Witney Christie '17

Witney Christie, an education studies major and African and Afro-American studies minor from Philadelphia, was an intern at America’s Promise Alliance, a non-profit focused on ensuring that all youth—regardless of their background, class, gender and race—have access to five promises: education, safety, healthcare, caring adults and opportunities to serve the community. Christie worked with Melinda Hudson, America’s Promise Alliance’s vice president, on creating a policy framework for a campaign aimed at increasing the national high school graduation rate to 90 percent by 2020. “This experience further confirmed the systemic issues and inequality in some communities that I had previously known about,” said Christie. “There are a lot of ways I can help. I have a talent for working well with youth and I feel like the best thing for me to do is teach and eventually get into education and information policy.”

Leah Sakala MPP MBA ‘17

Leah Sakala, who is pursuing a Masters in Public Policy and MBA at the Heller School and is from Natick, Massachusetts, interned in the Urban institute’s Justice Policy Center in Washington, D.C. Sakala worked on a variety of projects, from analyzing data on the criminal justice system to searching for the most feasible ways to reduce the number of people in prison in each state. “The Segal network, which is very strong in D.C., was a huge part of my summer in terms of getting this internship in the first place,” Sakala said. “Criminal justice policy reform has always been a passion of mine. The tide is turning in terms of the public’s reception to criminal justice reform.”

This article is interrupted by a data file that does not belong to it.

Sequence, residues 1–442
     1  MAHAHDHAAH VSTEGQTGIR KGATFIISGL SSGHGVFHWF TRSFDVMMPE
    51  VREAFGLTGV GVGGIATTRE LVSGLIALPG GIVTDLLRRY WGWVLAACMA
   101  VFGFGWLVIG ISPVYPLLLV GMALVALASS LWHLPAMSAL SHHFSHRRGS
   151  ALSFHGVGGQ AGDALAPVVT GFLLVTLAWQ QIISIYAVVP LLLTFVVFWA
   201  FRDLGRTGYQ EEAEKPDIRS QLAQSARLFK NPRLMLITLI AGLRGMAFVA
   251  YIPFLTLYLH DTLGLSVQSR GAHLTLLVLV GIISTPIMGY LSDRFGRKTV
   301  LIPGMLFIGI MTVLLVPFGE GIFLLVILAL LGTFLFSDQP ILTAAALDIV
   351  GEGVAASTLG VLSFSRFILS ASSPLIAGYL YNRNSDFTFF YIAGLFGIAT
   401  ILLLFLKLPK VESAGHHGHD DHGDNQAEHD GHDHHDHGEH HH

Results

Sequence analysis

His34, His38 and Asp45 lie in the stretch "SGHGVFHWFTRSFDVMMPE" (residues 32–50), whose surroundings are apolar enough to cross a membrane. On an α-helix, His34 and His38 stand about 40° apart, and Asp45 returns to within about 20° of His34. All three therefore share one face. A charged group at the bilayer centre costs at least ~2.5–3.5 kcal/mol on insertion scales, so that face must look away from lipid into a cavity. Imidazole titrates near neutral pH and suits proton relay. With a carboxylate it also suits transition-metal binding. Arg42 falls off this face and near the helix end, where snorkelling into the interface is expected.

Estela Lozano '16

Estela Lozano, a Health, Science and Social Policy and Latin American and Latino studies double major from San Jose, California, worked at the National Council of La Raza, one of the largest Latino advocacy groups in the country. Lozano, who is interested in going into law school after Brandeis, conducted research on deferred action for childhood arrivals of undocumented immigrants. “This experience made me realize even more how important it is to get the facts and not generalize about certain people,” Lozano said. “It made want to do more collaborative research and work within the community.”